Wine Bottle Closures – Natural Cork versus Alu Screw Cap (part 2)

Cork is harvested for commercial use primarily from the cork oak (Quercus suber) that is endemic to the western Mediterranean countries. Once the trees are about 25 years old the cork is stripped from the trunks every nine years. The trees live for about 200 years. Cork is composed of suberin, a hydrophobic substance, and due to its impermeability, buoyancy, and elasticity, it is most commonly used for wine stoppers.

The cork industry is generally regarded as environmentally friendly. The sustainability of production and the easy recycling of cork products and by-products are two of its most distinctive aspects. Cork oak forests also prevent desertification and are the home of various endangered species. Cork forests throughout Spain, Portugal and Italy have achieved the Forest Stewardship Council (FSC) certification, which recognizes that these forests and operations are managed to international social and environmental standards.

There are two types: the whole cork stopper and the technical cork stopper. For the whole cork the best quality bark is punched by skilled workers, who can punch 20,000 corks in a day. Hand punching results in a more consistent quality, because a skilled worker can choose the best sections in the cork strip. Much of the corkwood left over from punching is sent for granulation and use in making technical corks.
Technical corks are manufactured corks, usually combining a body of agglomerated natural cork granules and fine natural cork discs that come in contact with the wine.

Although cork is one of the oldest stoppers for wine bottles, it has been under pressure of, and in many cases replaced by synthetic cork (plastic) stoppers or aluminium screw caps, due to the fact that natural cork might taint the wine. Cork taint is a broad term referring to a wine fault characterized by a set of undesirable smells or tastes found in a bottle of wine. Though modern studies have shown that other factors can also be responsible for taint, the cork stopper is normally considered to be responsible, and a wine found to be tainted on opening is said to be “corked”. Cork taint can affect wines irrespective of price and quality level.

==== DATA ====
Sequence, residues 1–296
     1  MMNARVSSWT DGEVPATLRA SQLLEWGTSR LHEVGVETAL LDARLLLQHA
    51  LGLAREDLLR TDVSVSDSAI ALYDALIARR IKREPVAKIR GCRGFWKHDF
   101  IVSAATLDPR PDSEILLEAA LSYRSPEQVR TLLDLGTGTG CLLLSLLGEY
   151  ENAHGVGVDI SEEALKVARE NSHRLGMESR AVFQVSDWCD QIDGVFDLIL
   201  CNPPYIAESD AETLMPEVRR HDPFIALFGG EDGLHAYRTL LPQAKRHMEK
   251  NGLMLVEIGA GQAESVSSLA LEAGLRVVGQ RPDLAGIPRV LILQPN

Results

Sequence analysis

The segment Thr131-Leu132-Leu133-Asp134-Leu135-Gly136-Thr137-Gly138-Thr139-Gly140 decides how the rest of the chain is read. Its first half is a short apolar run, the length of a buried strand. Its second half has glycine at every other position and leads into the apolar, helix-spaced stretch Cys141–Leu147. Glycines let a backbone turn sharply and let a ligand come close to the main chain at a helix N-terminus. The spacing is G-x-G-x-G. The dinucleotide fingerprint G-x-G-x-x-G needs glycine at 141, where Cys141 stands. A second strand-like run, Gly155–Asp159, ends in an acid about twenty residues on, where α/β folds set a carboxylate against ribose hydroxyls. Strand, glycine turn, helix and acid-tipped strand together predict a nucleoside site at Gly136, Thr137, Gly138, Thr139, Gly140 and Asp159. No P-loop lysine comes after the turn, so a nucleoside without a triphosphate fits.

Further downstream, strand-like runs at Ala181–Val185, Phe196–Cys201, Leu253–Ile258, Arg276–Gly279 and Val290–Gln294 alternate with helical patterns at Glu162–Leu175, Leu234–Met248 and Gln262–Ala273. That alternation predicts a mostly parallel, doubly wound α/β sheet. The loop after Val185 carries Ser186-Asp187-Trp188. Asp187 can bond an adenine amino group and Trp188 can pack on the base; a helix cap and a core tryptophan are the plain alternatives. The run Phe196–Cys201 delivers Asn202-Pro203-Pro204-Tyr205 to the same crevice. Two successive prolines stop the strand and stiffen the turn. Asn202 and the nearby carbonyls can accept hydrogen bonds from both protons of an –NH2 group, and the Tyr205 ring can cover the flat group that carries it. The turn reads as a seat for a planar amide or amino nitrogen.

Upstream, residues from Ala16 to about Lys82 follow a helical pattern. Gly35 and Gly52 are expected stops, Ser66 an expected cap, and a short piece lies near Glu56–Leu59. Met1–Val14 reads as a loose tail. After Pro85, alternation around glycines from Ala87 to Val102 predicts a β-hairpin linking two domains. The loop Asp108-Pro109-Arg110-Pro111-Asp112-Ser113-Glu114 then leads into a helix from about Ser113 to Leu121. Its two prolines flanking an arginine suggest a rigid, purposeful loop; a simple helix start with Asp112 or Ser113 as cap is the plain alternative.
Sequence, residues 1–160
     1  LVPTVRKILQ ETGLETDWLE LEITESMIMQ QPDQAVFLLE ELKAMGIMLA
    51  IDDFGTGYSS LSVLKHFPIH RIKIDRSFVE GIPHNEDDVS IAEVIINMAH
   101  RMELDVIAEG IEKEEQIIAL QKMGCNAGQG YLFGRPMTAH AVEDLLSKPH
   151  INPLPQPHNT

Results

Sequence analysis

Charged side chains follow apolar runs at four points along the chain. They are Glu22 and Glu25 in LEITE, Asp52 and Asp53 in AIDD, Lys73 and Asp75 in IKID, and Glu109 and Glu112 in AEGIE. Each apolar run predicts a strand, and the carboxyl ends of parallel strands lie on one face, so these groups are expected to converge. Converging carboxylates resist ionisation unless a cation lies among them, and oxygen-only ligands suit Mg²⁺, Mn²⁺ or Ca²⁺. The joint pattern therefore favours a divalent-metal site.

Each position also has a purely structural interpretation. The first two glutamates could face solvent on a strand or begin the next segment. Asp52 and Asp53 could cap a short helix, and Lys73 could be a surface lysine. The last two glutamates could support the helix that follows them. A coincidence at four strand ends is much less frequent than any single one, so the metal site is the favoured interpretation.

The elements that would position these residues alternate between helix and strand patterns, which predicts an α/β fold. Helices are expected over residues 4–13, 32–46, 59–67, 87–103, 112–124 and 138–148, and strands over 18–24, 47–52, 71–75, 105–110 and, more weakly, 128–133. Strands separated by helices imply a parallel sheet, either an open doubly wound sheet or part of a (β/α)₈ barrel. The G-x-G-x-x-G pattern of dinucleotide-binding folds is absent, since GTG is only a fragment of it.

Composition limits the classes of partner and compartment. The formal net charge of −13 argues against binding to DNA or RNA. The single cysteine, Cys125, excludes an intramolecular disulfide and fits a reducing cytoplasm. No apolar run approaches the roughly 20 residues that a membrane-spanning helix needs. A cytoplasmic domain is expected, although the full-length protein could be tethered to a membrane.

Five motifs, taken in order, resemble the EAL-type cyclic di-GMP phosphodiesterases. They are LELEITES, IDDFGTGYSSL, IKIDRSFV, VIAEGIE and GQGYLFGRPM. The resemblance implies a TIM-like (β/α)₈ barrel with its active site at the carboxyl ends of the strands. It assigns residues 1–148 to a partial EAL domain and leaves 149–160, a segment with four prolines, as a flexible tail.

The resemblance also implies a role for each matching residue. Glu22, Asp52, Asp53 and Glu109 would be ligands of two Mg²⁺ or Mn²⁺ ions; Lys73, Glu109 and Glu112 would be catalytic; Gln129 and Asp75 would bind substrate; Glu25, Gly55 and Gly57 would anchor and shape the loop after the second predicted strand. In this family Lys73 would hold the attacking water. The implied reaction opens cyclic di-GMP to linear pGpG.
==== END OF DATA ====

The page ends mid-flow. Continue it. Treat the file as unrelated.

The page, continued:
The chief cause of cork taint is the presence of 2,4,6-trichloroanisole (TCA) in the wine, which in many cases has been transferred from the cork, but which also can be transferred through the cork rather than from it. The production of TCA in cork or its transfer by other means into wine is complex, but most results from naturally-occurring airborne fungi presented with chlorophenol compounds, which they then convert into chloroanisole. Chlorophenols taken up by cork trees are an industrial pollutant found in many pesticides and wood preservatives, which indicates that it is a problem of modern times.

But times move on and the cork industry hasn’t been nescient. A number of independent analyses provide scientific evidence of improvement in performance and particularly the drop in the incidence of 2,4,6 trichloroanisole (TCA) contamination, underscoring the progress that has been made by the cork industry in recent years. The problems associated with TCA contamination are now a rarity and has fallen to less than 1 ppt. However random oxidation remains a problem.

Corticeira Amorim, the world’s largest cork producer refined its practices in the control of TCA, as all cork planks now undergo a technically refined boiling process to deliver cleaned planks with the right humidity for punching, in the shortest possible time (now three days rather than three weeks previously). Any batches too dry for the production process are then given a second boiling. However, recent experiments have proved that vaporisation by steam, rather than boiling, for a second time not only dramatically halves the levels of TCA pre-cursors in any suspect lots, but also reduces the amount of water used in the process.
Research is also underway to develop machines that use humidity rather than steam to remove volatile TCA over a longer treatment cycle, which would eliminate any colour variations that could be formed through the original process.

Amorim offers a range of products from the top grade hand-punched whole corks to its best-selling Twin Top that has whole cork discs at either end of a fine composite shank. The company might not be threatened by the alternative closure market, but it launched the Acquamark closure in response to the heightened competition. The Acquamark, touted as providing a natural cork stopper at a competitive price, is a whole cork stopper. The lenticels, or minute spaces are filled with cork particles and sealed with a water-based coating, from which it takes its name, ensuring total particle retention while the stopper is in the bottle.

But Corticeira Amorim is not the only one with innovations in natural cork stoppers.
to be continued

2 responses to “Wine Bottle Closures – Natural Cork versus Alu Screw Cap (part 2)

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